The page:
Players (especially those coming from other games where they needed to know far fewer spells) have a hard time knowing the details of a very large spell list. I've often had a player forget they have spell X, but then something comes up where they feel that spell could be put to some use. Then, I need to look up the details to make sure the spell works as we think it does.

For my part, I dread making NPC casters. I don't want to use the same spell list every time, but creating a new list of spells and trying to figure out what each do and what is a good strategy can be a huge pain. I've tried just creating the 5-6 combat spells I think that they will need, but often find that if they had the prerequisite spells, the encounter would have played out very differently.

Even when I know what a spell is "supposed" to do, players are going to find new and creative ways to abuse utilize them. This is usually a good thing, but does require a lot of off the cuff rulings. I tend to try to keep with the intent of the spell more than anything else. Many times, I find after doing some research and further thinking that I would have ruled a different way, and have to make sure I convey that to my players so that they are not angry when things don't work as they did last time.

None of this makes me hate the default GURPS magic system, but it does make it a pain some times. I've been tempted to use something other than the default system, but since my current game is DF I've decided to stick to the RAW as much as I can. If I had more time, I'd probably make a (digital) "spell card" for each spell that a PC has with full details of the spell, which would probably address my biggest issues.

I'd love to hear other issues, concerns, and solutions others have.


Recap: DF Session 4 & 5, Caverns of Chaos 4

January 30th, 2014 (part 1)
February 1st, 2014 (part 2)


Drog, human barbarian
Farthing, faun wizard
Noide, celestial cleric
Phelix, cat-folk swashbuckler

and introducing...
Calahn, human martial artist


Things are starting to change in Turnwall. The local jeweler has taken on a second apprentice due to the increase in gems. Prices for semi-precious gems has fallen somewhat, and the more well to do townsfolk are wearing a lot more jewelry.

Some merchants are feeling better about traveling to/from Turnwall now that the Orc raiders have been dispatched, but the threat from the Lizard men marauders remains.

The adventurers are starting to get recognized by more of the town (especially the merchants). Though this hasn't necessarily translated into a favorable reaction, yet.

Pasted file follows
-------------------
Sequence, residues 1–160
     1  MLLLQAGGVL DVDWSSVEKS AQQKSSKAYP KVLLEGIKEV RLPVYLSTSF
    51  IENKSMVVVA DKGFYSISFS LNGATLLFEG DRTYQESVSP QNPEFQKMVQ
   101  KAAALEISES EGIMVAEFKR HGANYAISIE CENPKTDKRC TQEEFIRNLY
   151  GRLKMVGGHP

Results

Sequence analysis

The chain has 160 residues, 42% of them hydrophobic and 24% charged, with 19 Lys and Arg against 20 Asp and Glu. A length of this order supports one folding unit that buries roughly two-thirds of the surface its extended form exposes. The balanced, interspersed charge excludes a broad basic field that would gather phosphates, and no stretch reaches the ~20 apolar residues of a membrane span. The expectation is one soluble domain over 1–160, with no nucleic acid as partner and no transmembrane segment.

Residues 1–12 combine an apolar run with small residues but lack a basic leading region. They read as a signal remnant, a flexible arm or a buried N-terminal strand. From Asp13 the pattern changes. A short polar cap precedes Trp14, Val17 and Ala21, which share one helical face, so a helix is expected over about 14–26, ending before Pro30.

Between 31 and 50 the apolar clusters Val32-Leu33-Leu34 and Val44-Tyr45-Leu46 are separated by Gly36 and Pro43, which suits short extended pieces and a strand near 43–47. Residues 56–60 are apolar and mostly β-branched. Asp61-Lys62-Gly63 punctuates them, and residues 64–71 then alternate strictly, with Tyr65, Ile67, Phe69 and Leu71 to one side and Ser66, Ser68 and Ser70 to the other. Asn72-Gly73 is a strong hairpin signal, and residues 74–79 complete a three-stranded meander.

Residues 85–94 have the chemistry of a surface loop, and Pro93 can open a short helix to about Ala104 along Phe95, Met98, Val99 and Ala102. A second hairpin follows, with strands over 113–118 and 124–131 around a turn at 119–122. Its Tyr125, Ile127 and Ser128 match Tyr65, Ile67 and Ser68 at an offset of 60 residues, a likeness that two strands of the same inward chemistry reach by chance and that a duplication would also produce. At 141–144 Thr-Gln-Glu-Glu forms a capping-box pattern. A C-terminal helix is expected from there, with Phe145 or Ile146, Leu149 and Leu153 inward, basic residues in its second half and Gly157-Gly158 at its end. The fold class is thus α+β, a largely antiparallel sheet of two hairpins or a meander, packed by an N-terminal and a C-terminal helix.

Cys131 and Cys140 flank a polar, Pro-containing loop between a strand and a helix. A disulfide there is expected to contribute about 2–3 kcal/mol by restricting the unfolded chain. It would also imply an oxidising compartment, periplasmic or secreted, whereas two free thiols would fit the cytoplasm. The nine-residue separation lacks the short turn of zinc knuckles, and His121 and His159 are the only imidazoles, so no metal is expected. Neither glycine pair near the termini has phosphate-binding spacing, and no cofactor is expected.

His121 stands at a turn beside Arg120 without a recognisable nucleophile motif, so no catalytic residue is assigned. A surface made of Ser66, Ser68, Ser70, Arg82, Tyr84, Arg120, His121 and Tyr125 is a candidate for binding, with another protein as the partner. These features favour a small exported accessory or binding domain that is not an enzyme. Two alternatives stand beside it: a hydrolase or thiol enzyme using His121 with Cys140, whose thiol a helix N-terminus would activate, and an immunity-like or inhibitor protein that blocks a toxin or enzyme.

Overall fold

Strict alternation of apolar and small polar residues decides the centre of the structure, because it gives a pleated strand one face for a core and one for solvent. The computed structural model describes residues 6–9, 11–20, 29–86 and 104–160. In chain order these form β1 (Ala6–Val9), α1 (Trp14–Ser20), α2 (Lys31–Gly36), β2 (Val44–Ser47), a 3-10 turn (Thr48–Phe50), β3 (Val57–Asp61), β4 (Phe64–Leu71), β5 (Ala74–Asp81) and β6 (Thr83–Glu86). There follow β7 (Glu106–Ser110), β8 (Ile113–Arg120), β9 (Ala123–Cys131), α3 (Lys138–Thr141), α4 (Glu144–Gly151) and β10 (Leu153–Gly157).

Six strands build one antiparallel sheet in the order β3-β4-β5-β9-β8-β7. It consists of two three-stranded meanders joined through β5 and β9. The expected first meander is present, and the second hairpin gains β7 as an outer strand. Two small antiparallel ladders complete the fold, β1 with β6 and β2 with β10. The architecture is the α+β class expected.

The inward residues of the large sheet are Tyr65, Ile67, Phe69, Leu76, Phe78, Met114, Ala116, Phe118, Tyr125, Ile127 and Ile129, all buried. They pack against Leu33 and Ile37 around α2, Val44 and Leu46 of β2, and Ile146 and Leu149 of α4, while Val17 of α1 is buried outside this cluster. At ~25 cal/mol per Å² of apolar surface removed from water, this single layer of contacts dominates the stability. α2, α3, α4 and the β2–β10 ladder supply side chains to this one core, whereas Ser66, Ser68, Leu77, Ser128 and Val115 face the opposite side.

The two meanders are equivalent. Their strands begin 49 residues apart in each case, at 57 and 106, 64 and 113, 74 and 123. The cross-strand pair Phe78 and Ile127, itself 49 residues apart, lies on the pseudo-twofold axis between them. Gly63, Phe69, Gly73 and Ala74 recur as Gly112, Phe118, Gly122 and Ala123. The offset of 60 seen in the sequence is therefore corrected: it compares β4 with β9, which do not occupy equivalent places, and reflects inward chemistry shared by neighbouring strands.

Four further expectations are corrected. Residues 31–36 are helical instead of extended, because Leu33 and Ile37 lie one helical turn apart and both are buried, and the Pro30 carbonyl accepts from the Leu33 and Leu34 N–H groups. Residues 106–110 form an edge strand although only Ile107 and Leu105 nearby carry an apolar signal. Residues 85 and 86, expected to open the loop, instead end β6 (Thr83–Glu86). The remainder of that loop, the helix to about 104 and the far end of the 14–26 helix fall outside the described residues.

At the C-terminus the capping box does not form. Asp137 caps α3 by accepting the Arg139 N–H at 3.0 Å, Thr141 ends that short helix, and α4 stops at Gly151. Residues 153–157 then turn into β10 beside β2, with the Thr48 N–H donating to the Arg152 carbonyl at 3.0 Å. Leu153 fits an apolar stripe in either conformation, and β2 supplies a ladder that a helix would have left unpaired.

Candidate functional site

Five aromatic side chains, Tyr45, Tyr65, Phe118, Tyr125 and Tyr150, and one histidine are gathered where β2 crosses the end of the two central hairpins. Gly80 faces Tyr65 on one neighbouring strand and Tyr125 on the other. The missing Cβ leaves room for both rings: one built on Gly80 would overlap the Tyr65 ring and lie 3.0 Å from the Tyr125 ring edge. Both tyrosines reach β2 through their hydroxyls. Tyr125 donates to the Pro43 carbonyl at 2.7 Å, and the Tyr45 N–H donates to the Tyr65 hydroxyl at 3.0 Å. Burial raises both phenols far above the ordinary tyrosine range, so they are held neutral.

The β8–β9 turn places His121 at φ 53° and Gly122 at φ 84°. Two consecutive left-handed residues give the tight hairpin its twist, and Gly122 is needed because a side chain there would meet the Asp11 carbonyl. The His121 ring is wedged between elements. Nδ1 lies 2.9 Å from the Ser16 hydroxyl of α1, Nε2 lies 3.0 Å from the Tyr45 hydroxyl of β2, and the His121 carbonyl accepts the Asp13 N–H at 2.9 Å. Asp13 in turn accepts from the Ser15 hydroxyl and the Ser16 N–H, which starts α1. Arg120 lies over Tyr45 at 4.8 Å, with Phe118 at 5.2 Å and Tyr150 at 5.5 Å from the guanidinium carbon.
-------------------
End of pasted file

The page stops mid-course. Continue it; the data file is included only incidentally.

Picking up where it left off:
After some rest the the party wanted to check on some rumors and then head back out. Drog was curious about the Mechalor and while socializing at the pub, was told by several that he was just some old crazy hermit living in the woods north of town and not a powerful wizard.

Farthing decided to do some research on the Lizard men, but was somewhat hampered by the lack of a Mages' Guild or public library. Still, in the town records, he found out that there are many lizard men living in the swamps to the southeast, but that he marauders broke off from them some time ago. He also learned that the Lizard men are located in the back of the caverns and used the gecklings as lookouts if anyone approached that might be coming for them.

With this information in hand, the set off to the Caverns of Chaos once again. During the night a lone Dire Wolf came upon the camp, but the party were alerted before it could descend on them. They made quick work of the lone creature and the remainder of the night was uneventful.

Once to the caves, the group decided to speak with the old Ogre and see what they could learn. The found him cooking again. The talking skull bobbing up and down in his stew (to help with the flavor). The group learned of the exact cave the lizard men lived in. They also got descriptions of the "Pool cave" and "Cattle cave". Then they turned their questions to the abandoned tomb. Still wanting to destroy the Alter of Unspeakable Evil, the group decided to head to the tomb and check it out.

The Abandoned Tomb

As soon as the party entered the cave they all felt a sense of unease. Something was gnawing at the back of their minds giving them all slight headaches. Once they entered the first large chamber this feeling subsided.

In the first room a small stream flowed from the northeast into a pool of water. Bones lay scattered around the room. After probing one of the piles, skeletons rose up from the piles and attacked.